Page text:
Good morning, everybody.

It looks as if Hurricane — turned tropical storm — Ida’s leftovers are going to track close to Philadelphia, threatening the region with widespread heavy rains and perhaps the most significant flooding along the Delaware River in a decade, forecasters warn. We’ll start with what to brace yourselves for first.

And last week, my buddy Tommy told you about the Quaker mission to rescue an Afghan refugee. The story has taken an encouraging turn.

OK, let’s get into it.

— Ashley Hoffman (@_AshleyHoffman, morningnewsletter@inquirer.com)

Ida remnants may threaten Philly with first significant Delaware River flooding in 10 years, forecasters say

Starting at 8 a.m. Wednesday, all of eastern Pennsylvania, New Jersey, and northern Delaware will be under a 36-hour flood watch, declared by the National Weather Service. The potential extent of the rainfall dump? Three to 6 inches of rain in some areas, with the pummeling ending by Thursday morning. Look no further than the South for the full order of Ida’s impact, where the storm blacked out a region.

Downpours have been hit or miss in our region as the end of summer nears, with mostly sun-dappled weekends. But look no further than the official rain gauge at Philadelphia International Airport — known to play a mean game of dodgeball with raindrops — that captured 3.17 inches on Saturday, an Aug. 28 record.

Ever the clear window into the rest of the week, Anthony R. Wood has the full report, so keep reading for all about Ida.

Miracle in Kabul: Philly Quaker congregation helps rescue Afghan interpreter from crumbling homeland

“One man, one life, one future, plucked from the violence of Kabul and from direct Taliban death threats, airlifted to safety on a giant C-17 military plane. One man who worked years for the American forces, rescued by peaceful Quakers who wouldn’t give up even when hopes fell, and by the ex-military officers, Army leaders, Pennsylvania elected officials, and nonprofit groups that jumped in to help in this country and that one,” so begins reporter Jeff Gammage’s story on the Philly Quaker congregation effort that rescued an Afghan interpreter from his homeland.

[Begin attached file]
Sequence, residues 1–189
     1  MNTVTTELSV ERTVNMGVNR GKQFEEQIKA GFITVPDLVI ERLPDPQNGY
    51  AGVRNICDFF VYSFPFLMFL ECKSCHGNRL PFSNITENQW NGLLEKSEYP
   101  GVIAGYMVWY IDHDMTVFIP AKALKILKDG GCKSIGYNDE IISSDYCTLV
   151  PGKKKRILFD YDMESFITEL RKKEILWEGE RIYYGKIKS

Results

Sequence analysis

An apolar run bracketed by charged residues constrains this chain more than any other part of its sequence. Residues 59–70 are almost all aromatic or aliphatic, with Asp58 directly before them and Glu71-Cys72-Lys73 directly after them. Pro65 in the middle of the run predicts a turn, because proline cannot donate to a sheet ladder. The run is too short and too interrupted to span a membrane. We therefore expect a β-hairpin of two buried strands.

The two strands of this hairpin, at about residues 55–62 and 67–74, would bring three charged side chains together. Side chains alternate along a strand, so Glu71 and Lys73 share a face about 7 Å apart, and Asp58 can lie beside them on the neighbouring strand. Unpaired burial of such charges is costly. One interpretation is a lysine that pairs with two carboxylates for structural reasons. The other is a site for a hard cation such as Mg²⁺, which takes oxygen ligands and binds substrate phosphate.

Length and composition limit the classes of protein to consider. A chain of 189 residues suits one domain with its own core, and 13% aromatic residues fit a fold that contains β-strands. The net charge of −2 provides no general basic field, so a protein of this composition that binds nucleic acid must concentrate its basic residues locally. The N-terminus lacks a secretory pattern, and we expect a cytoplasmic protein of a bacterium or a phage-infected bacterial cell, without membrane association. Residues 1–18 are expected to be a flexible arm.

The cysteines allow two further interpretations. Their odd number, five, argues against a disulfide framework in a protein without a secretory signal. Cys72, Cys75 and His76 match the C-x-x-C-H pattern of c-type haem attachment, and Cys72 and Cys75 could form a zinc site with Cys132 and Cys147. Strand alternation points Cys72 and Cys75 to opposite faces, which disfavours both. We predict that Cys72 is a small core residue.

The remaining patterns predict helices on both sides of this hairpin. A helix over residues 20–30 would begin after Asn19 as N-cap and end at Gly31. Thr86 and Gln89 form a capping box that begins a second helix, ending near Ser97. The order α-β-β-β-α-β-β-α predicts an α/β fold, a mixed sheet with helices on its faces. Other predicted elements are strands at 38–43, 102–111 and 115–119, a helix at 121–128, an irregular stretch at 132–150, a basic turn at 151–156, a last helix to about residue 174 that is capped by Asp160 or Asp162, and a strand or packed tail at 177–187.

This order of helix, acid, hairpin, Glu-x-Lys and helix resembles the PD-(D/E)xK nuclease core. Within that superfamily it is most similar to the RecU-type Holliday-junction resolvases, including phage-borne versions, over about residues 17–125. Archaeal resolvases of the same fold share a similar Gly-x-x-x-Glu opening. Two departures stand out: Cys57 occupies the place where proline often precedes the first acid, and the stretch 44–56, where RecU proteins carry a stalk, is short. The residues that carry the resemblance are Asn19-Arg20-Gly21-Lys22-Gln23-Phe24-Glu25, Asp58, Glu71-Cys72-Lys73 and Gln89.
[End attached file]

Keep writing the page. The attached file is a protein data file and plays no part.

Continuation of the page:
Bashir befriended David DiFabio, an Air Force veteran, when the Quaker was a civilian communications contractor in Afghanistan. Bashir worked with U.S. armed forces at the Kandahar air base for more than a decade, but his visa paperwork — which came with several recommendations from military supervisors — apparently was rejected because of an error that undercounted his years of service, leaving him stranded. (At least 300 interpreters and family members have been killed in recent years because of their ties to the United States.)

In Plymouth Meeting, about 25 people gathered at the Meetinghouse this past weekend to worship and share how relieved and grateful they felt for everyone who stayed the course to bring Bashir to safety. Keep reading for the whole story of friendship.

We have withheld Bashir’s full name for safety reasons.

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